Mr Justice Norris has handed down his judgment in Kaupthing Singer & Friedlander Ltd  EWHC 2308 (Ch). The case deals with issues of set-off and mentions, inter alia, Professor Sir Roy Goode QC's (pictured) work on corporate insolvency law (Goode, RM. Principles of Corporate Insolvency Law. 3rd edition. Sweet & Maxwell, London, 2005). The judgment is interesting for a number of reasons. This short blog entry can in no way analyse the judgment properly, a few points can only be made here. First, the judgment contains a judicial opinion of the purposes of administration post the Enterprise Act 2002. Mr Justice Norris observes:
"The administration might conclude in a variety of ways, some of which might permanently alter or bring to an end the contractual and other arrangements between the creditors and KSF. The joint administrators might formulate proposals for a scheme of arrangement under section 899 of the Companies Act 2006 or for a company voluntary arrangement: or they may place KSF into creditors' voluntary liquidation under paragraph 83 of Schedule B1 or otherwise, or they might seek a compulsory liquidation on the discharge of the administration order. These were the usual means of distributing the assets realised in the administration until the advent of the present paragraph 65 of Schedule B1. The introduction of this paragraph enabled an administrator, with the permission of the Court, to make a distribution to an unsecured creditor directly (and then to proceed under paragraph 84 of Schedule B1 to a dissolution of the company without the intervening step of a liquidation)."
As already mentioned, Professor Sir Roy Goode QC's work is cited in the judgment in a short passage on the history of set-off. The paragraph (9) notes:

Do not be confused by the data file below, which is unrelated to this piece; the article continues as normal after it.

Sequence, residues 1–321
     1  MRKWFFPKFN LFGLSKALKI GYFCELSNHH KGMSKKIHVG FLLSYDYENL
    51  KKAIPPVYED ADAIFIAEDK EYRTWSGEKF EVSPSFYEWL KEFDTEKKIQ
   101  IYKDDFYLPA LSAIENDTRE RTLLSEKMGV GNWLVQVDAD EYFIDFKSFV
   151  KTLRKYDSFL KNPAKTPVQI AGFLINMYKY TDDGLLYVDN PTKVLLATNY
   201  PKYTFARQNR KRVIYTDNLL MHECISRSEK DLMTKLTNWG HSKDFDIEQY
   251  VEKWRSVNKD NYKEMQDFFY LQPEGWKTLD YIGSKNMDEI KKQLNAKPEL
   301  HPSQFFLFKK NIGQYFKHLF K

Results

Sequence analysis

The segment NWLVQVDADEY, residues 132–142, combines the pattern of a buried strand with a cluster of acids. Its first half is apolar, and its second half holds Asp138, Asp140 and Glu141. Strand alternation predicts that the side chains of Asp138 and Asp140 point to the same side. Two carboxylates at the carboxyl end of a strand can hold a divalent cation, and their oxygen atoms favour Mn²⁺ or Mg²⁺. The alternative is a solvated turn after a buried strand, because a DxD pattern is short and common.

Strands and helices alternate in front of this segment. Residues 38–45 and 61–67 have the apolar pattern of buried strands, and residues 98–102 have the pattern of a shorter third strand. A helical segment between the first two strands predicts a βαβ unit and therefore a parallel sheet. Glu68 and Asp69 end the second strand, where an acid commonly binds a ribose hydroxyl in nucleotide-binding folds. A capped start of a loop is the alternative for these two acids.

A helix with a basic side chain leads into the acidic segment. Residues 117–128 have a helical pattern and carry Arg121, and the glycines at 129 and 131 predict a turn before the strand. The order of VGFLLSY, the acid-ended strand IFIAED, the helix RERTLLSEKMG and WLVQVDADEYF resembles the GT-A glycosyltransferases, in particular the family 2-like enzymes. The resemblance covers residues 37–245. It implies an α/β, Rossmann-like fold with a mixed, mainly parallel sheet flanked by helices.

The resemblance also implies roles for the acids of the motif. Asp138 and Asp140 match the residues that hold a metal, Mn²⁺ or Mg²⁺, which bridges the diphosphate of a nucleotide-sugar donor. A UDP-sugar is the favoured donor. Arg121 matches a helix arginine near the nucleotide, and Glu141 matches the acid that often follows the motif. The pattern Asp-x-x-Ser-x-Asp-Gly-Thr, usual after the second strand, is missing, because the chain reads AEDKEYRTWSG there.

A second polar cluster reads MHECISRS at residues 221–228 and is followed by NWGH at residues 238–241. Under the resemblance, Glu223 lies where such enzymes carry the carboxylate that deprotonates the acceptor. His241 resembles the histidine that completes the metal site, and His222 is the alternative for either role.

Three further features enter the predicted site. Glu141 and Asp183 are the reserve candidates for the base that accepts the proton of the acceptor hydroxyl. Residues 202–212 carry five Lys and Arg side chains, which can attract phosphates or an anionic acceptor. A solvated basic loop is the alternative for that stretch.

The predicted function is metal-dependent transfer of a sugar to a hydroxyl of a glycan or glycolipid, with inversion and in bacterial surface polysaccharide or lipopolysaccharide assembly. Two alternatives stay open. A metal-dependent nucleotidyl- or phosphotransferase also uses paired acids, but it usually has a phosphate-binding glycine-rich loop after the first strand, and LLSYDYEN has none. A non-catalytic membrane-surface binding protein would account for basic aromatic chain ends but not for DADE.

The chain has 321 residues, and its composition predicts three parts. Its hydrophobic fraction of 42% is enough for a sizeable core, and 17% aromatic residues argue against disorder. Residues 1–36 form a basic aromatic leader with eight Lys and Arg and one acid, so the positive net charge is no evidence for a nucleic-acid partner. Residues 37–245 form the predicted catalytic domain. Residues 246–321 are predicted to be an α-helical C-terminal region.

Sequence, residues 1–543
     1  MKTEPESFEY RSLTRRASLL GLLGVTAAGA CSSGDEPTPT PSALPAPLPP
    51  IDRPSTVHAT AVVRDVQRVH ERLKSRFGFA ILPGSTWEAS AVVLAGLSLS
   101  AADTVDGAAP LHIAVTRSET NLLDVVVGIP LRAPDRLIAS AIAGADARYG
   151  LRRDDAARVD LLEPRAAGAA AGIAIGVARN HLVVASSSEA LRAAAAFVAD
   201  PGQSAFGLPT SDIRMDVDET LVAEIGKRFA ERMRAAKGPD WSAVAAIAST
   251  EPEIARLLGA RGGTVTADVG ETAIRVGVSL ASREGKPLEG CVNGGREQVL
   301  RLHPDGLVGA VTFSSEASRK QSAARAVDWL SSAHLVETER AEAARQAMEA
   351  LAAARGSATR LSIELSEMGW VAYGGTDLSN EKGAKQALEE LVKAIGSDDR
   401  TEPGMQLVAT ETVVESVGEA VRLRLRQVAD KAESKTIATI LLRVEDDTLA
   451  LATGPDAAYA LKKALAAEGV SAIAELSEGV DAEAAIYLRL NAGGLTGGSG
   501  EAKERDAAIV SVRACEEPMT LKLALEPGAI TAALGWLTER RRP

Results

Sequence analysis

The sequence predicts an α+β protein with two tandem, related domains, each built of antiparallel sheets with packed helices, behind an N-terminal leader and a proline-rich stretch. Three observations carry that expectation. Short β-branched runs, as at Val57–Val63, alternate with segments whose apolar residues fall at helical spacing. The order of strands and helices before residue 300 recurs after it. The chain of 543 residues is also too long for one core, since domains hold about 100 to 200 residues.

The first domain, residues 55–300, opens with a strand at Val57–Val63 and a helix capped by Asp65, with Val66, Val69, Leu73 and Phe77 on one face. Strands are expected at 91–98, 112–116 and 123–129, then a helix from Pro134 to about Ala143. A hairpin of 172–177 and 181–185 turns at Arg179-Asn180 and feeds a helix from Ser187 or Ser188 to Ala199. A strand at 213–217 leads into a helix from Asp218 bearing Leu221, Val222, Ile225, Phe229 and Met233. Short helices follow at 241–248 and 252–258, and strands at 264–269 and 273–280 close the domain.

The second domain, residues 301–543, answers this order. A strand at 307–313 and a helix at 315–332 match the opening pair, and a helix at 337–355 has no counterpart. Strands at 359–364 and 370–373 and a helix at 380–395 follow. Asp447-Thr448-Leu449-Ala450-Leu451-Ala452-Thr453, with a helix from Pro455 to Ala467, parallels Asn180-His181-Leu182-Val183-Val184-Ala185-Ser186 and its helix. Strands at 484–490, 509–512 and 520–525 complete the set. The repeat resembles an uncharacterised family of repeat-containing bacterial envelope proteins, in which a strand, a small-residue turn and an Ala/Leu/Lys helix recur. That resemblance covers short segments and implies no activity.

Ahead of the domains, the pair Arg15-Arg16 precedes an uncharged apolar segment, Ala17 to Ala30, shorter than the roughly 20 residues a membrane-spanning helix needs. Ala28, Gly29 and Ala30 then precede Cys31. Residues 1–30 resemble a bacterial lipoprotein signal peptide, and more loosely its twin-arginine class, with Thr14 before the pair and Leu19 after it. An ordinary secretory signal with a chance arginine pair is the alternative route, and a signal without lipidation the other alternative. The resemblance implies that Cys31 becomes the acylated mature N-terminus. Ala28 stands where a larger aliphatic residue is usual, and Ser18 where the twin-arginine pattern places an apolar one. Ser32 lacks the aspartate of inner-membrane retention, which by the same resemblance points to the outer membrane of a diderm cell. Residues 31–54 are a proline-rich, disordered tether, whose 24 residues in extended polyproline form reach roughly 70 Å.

"The general and long established rule in liquidations was that where, before a company went into liquidation, there had been mutual credits, mutual debts or mutual dealings between the company and any proving creditor then an account was to be taken of what was due to each party from the other in respect of those dealings, the sums due from one party being set-off against the sums due from the other, and only the balance being provable in the liquidation or being recoverable by the liquidator as part of the assets (depending on how the balance was struck). In Re M.S. Fashions  Ch 425 Hoffman [sic] LJ (at 432F ff) noted three established features of the rule. (a) Its application was mandatory ("the mandatory principle"). In the Court of Appeal Dillon LJ noted (at 446B) that this principle meant that secured and unsecured debts were set-off. (b) The account was taken at the date of the winding up order (being an application of the wider principle that the realisation and distribution of assets are treated as notionally taking place simultaneously with the date of the order) ("the retroactivity principle"). Dillon LJ noted that this rule supplanted an earlier rule that the set-off took place at the date of presentation of the petition (ibid at p. 446G). (c) In taking the account the court has regard to events which have occurred since the date of the winding up ("the hindsight principle"). In Stein v Blake  1 AC 243 at 252E Lord Hoffman [sic] explained that this required the Court to take into account everything that had actually happened between the insolvency date and the moment when it becomes necessary to ascertain what, on that date, was the state of account between the creditor and the insolvent. In that same case at 251E Lord Hoffman drew attention to three further features of insolvency set-off. (d) Unlike legal set-off insolvency set-off affects the substantive rights of the parties, enabling the creditor to set-off pound-for-pound what he owes the insolvent and to prove for or pay only the balance. A creditor with relevant mutual dealings is thus treated much more favourably than an unsecured creditor with none. As Professor Roy Goode commented in "Principles of Corporate Insolvency Law" at para 7-22
"Set-off on insolvency represents a major incursion into the pari passu principle, for its effect is that a creditor who owes money to the company on a separate account may resort to self–help by setting off the debt due to him against his own indebtedness to the company, thus [ensuring] payment of his claim pro tanto ahead of other creditors""
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